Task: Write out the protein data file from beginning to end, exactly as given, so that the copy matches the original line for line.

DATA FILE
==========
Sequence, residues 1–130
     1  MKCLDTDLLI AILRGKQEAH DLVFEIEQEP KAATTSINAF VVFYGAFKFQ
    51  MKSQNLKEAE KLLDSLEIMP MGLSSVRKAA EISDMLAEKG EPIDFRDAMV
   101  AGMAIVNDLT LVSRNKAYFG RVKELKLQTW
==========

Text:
Sequence, residues 1–130
     1  MKCLDTDLLI AILRGKQEAH DLVFEIEQEP KAATTSINAF VVFYGAFKFQ
    51  MKSQNLKEAE KLLDSLEIMP MGLSSVRKAA EISDMLAEKG EPIDFRDAMV
   101  AGMAIVNDLT LVSRNKAYFG RVKELKLQTW